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posted 21 Aug 2014, 06:29 by Gerry Kangalee   [ updated 21 Aug 2014, 06:31 ]

by  Jesus  Rojas

Rio Tocuyo, Venezuela



The unity of the Latin-American and Caribbean peoples is the only guarantee of shared development that prioritizes human needs over the profits of foreign corporations. Today  the doors are  open to our development, but our  development can solely
  come  through  seeking unity 
and articulating  strategies  for perfecting our unity  and  shared  development.


No single developing country can succeed in the 21st century alone and even less if we are divided. It is  necessary to create a strong  alliance  for  the  well-being  of  our  peoples  and  to contribute  to the construction  of a multi-polar world in which the needs of the majority are addressed.


 It  is  crucial  to build  a  common  space  for  the purpose  of deepening the  political, economic,  social and  cultural integration  of  our  region and  to  establish  meaningful commitments  for  joint action  to promote  sustainable  development  in Latin America and  the Caribbean through  a  framework  of unity,  solidarity, and  cooperation.


At  the same  time it is   important to  promote  communication, harmonization, synergy, and  convergence of actions  and  exchange of  experiences  among  us.  This optimism stems from indications of recovery in the global economy.  Nevertheless, there is a consistent recognizable  impact of the crisis of capitalism on some countries in the region. In particular,  I  note  the  special  challenges  faced by  middle-income  countries, including  those  that are small, vulnerable, highly  indebted  and  require  greater attention  from  the international  community  to  assist  their  economic  recovery.


The crisis our countries suffer nowadays results from the consequence of the imbalances and intrinsic contradictions to the capitalist system. The new patterns of wealth accumulation and the set of neoliberal policies that governments   implemented to facilitate integration into global capitalism were unable to bring about any sustained development for a majority of the population, or even to prevent continued backward movement.


The world recession of 2007-8 hit not only Latin America, but also the Caribbean hard, undermining growth and reversing gains of previous years.  Politically,   the fragile democratic systems installed through the so-called transition to democracy of the 1980s were increasingly unable to contain the social conflicts and political tensions generated by the polarizing and pauperizing effects of neoliberalism.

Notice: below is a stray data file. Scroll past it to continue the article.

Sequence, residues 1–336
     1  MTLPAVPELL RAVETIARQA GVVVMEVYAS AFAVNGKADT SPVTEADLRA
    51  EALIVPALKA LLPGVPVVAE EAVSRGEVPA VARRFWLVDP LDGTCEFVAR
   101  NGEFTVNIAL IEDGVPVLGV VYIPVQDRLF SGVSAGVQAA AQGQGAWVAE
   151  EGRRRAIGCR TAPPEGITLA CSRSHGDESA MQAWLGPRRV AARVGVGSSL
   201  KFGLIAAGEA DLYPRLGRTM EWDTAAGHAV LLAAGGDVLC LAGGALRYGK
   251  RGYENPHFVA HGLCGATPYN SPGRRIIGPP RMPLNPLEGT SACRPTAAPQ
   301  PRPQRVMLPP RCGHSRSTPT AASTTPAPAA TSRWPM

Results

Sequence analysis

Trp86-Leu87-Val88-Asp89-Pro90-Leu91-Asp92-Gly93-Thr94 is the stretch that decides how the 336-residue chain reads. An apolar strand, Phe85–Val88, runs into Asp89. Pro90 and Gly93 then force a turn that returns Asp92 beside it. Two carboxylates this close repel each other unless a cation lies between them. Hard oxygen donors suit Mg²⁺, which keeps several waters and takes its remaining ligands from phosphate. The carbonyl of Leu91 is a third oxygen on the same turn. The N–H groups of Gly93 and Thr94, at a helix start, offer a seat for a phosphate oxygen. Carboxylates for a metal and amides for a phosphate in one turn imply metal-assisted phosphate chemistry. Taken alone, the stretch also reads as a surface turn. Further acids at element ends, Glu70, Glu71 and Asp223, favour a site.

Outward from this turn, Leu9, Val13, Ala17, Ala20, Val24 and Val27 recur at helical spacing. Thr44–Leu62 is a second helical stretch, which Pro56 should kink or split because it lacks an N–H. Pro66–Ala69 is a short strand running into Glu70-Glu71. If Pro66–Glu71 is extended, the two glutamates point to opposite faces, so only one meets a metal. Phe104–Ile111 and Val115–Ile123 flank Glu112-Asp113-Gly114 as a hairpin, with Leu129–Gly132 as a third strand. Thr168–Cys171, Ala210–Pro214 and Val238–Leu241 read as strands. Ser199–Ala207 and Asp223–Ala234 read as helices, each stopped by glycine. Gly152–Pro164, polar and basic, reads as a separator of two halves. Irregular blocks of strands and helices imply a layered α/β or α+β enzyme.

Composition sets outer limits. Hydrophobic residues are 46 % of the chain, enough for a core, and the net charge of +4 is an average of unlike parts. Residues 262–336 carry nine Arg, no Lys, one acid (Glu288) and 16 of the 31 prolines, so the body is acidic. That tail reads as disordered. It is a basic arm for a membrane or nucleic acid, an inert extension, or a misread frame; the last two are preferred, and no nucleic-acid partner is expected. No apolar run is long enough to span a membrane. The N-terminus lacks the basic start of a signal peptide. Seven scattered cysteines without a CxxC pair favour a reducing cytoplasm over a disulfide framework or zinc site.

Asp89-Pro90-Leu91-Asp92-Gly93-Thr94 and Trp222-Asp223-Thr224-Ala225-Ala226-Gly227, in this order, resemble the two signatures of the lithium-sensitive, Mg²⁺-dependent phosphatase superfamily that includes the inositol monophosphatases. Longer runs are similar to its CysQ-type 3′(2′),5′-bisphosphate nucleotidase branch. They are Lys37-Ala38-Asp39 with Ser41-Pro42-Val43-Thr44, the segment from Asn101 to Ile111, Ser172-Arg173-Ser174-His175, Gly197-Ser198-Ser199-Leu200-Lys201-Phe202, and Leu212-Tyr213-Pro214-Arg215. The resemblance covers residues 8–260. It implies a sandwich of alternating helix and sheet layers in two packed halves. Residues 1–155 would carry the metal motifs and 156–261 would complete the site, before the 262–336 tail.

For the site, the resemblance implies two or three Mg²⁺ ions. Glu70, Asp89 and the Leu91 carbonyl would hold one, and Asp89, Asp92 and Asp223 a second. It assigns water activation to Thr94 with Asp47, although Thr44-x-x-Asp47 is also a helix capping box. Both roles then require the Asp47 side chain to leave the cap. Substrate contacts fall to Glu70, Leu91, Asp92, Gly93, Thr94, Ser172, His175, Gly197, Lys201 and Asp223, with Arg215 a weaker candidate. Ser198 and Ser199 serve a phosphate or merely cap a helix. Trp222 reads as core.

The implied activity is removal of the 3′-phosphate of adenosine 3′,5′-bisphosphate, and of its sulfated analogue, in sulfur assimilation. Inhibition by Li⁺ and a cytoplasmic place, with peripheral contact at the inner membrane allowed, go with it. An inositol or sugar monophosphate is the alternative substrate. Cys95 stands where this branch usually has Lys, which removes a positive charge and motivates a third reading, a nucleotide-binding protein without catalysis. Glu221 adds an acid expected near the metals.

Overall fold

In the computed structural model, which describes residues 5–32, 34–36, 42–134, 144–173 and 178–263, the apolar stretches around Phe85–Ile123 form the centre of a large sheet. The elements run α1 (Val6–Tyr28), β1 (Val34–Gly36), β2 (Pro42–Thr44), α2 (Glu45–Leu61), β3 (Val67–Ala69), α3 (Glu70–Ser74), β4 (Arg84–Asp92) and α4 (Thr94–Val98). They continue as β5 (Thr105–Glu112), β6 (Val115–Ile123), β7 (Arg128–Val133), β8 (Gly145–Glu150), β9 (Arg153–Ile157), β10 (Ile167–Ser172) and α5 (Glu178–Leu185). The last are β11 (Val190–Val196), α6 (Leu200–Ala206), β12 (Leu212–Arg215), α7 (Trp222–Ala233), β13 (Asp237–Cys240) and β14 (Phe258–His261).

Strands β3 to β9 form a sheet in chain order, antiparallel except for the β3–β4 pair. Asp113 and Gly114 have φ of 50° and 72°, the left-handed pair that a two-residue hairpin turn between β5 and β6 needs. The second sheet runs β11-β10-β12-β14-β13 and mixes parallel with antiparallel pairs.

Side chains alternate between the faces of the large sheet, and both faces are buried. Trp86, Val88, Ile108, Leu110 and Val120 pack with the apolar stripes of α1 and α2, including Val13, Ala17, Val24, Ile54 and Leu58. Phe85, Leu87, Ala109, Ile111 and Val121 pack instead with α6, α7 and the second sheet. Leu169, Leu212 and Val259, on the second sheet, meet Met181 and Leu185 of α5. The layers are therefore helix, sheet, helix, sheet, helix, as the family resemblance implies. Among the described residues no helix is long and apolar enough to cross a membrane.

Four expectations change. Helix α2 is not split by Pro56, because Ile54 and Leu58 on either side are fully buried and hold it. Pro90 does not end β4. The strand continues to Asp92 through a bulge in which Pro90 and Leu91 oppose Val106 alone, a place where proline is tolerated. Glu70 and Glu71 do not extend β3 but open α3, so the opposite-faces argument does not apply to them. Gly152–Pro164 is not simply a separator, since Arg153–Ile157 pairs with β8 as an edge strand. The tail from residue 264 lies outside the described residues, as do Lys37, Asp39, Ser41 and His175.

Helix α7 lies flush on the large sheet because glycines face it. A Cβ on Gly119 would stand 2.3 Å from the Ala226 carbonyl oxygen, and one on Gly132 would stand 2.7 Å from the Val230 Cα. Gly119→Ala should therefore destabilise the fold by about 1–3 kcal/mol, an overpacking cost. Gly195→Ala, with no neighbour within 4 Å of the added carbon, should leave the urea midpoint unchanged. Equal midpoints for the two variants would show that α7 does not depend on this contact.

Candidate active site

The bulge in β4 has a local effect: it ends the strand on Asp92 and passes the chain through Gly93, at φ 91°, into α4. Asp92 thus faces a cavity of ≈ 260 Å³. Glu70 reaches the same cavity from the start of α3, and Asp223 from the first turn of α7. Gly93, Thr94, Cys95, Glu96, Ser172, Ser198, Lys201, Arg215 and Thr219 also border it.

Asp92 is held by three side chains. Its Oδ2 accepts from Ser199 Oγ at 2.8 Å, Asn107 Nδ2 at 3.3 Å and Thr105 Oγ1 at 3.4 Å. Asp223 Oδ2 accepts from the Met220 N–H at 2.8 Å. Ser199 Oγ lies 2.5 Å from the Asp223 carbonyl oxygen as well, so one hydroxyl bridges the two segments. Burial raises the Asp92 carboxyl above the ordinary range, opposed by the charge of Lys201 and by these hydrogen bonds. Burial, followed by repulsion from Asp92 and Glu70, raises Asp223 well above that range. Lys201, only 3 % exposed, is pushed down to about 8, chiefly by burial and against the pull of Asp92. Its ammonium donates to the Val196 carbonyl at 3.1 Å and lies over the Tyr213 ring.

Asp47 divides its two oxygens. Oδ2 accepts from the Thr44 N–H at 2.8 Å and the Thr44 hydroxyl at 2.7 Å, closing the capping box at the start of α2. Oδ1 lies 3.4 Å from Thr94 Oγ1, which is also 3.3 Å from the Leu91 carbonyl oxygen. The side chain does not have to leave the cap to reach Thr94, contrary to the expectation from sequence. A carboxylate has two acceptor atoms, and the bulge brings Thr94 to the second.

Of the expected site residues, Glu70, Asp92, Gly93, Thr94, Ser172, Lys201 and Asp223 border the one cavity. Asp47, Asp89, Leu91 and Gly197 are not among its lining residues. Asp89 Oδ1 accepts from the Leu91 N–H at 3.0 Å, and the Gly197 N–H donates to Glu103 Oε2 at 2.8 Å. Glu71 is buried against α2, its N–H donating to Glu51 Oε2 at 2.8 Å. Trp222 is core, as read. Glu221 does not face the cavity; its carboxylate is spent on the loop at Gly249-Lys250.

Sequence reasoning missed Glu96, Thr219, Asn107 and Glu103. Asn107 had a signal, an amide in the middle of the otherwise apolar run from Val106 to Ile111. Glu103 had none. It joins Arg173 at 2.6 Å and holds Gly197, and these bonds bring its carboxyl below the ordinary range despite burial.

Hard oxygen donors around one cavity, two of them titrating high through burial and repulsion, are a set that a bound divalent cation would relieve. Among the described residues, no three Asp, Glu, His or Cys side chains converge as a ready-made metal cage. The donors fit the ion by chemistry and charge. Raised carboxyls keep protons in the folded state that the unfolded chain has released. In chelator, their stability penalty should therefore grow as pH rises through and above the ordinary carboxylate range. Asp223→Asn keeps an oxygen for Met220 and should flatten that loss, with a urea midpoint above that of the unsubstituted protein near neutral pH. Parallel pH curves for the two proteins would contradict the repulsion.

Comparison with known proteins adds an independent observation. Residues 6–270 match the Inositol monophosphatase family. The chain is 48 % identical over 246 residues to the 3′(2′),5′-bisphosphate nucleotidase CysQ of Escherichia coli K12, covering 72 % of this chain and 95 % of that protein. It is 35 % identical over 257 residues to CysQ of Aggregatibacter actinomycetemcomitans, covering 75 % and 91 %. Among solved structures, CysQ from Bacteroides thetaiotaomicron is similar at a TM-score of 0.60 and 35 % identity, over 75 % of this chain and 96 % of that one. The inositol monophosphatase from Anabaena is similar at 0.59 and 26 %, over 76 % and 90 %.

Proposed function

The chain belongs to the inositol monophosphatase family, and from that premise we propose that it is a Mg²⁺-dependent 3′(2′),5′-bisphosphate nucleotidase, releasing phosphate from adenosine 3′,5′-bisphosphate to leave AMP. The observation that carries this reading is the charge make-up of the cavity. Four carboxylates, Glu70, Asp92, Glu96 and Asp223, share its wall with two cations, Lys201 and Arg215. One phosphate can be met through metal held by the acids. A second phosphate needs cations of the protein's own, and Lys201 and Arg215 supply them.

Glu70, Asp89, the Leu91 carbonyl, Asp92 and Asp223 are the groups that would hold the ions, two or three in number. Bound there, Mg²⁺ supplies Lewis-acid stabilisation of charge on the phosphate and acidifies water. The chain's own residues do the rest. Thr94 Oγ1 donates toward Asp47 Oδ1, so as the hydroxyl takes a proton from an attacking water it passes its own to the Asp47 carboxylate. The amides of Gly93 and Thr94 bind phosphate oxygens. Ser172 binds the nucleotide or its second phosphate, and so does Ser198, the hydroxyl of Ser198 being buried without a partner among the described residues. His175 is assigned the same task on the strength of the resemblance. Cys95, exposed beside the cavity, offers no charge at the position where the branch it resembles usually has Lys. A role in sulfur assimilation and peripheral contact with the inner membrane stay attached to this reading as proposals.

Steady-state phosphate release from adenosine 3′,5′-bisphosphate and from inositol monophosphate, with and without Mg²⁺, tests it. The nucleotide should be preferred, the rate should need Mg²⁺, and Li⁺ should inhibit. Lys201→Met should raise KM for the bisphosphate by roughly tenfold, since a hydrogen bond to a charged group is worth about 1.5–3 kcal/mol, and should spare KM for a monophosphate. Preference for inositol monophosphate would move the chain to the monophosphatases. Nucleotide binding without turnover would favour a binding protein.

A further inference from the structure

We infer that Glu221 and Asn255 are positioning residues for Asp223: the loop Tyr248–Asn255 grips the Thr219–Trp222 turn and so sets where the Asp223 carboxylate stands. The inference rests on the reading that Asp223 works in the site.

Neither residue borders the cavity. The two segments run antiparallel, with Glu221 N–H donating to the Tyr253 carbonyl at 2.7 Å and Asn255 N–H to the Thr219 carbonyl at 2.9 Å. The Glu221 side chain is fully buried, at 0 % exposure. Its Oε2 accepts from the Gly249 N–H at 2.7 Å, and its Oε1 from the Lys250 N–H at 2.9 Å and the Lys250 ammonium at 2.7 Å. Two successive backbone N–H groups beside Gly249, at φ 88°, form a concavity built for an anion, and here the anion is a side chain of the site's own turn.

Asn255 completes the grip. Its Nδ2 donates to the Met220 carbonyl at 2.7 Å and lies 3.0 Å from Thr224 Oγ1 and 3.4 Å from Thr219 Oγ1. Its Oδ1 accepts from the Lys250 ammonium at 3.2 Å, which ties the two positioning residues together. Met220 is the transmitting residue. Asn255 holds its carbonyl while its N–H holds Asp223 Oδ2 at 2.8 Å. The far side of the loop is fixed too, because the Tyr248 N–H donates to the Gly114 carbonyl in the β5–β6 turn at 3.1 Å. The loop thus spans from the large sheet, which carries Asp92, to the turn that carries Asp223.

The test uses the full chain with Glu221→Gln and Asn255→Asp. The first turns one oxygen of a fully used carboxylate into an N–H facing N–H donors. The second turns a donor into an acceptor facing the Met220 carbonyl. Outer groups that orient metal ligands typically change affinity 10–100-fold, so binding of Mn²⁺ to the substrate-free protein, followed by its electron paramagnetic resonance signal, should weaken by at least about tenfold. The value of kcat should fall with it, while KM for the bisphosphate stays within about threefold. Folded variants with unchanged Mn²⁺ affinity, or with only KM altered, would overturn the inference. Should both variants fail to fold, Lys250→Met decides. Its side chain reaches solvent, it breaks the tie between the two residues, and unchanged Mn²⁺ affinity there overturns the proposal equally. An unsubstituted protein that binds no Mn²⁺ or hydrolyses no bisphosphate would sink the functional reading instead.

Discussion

The voraciousness for accumulating major wealth is not only causing the irreversible destruction of the environment, but the multiplication of countless sufferings and hardships on millions of human beings. Humanity has never endured such atrocious inequality. Meanwhile, a very small number of individuals and companies monopolize gigantic fortunes created through financial manipulations and excessive speculation, all at the cost of misery of the majority of humanity.


Albert Einstein wrote in 1949:


 “I am convinced there is only one way to eliminate these grave evils, namely through the establishment of a socialist economy, accompanied by an educational system which would be oriented toward social goals”


The left-oriented or “pink tide” governments have followed Einstein`s wisdom by challenging and even reversing major components of the neoliberal programme. Many of them  halted privatization, nationalized natural resources, and  other  economic sectors,  restored  public health and  education, expanded social welfare spending,  renegotiated foreign  debts on  fairer  terms, have cut  ties  with the IMF, and staked out foreign policies independent of Washington`s  dictates.


Those countries that stuck to the neoliberal path have been hardest hit by the crisis unleashed by the 2008 collapse of the global financial system. I must highlight that  those countries that  have pursued post-neoliberal and  redistributive and  regulatory policies and limited re-nationalizations  have fared much better, both  with  faster  rates of economic  growth and reductions in poverty and inequality.


This process has been more advanced  in South America than elsewhere in the  region, where  countries are also leading the push  to develop alternative forms of  cooperation and integration that break with political subordination  to Washington`s dictates.


It is necessary to construct instruments at the service of the people, with a system of democratic and transparent governance that promotes inclusive public policies, integration between peoples and a new model of development.


We  must generate a  new global alternative an  alternative  economy based on mutuality  would mean a life model based on the interests of communities, peasant organizations, workers, the  peasants themselves,  women and  indigenous  peoples  and at the same time an equitable  redistribution   of wealth, establishing modes of production to meet the real needs  of women and men.


 This is  why  we  must   reaffirm  the  need to undertake  efforts  with our people that  will  enable  us to move  forward collectively;  namely political, economic, social and  cultural integration  to foster  social  welfare and improved  quality of life, and  promote   our  independence,  our  sustainable  development on the basis  of democracy  and  social justice.


We  must  also reaffirm our  commitment to  the  defence of  sovereignty  and  the  right  of  any  State to  establish  its  own political rule free from threats, aggression and  unilateral coercive measures. This must all take place in an environment of peace, stability, justice, democracy, and respect for human rights.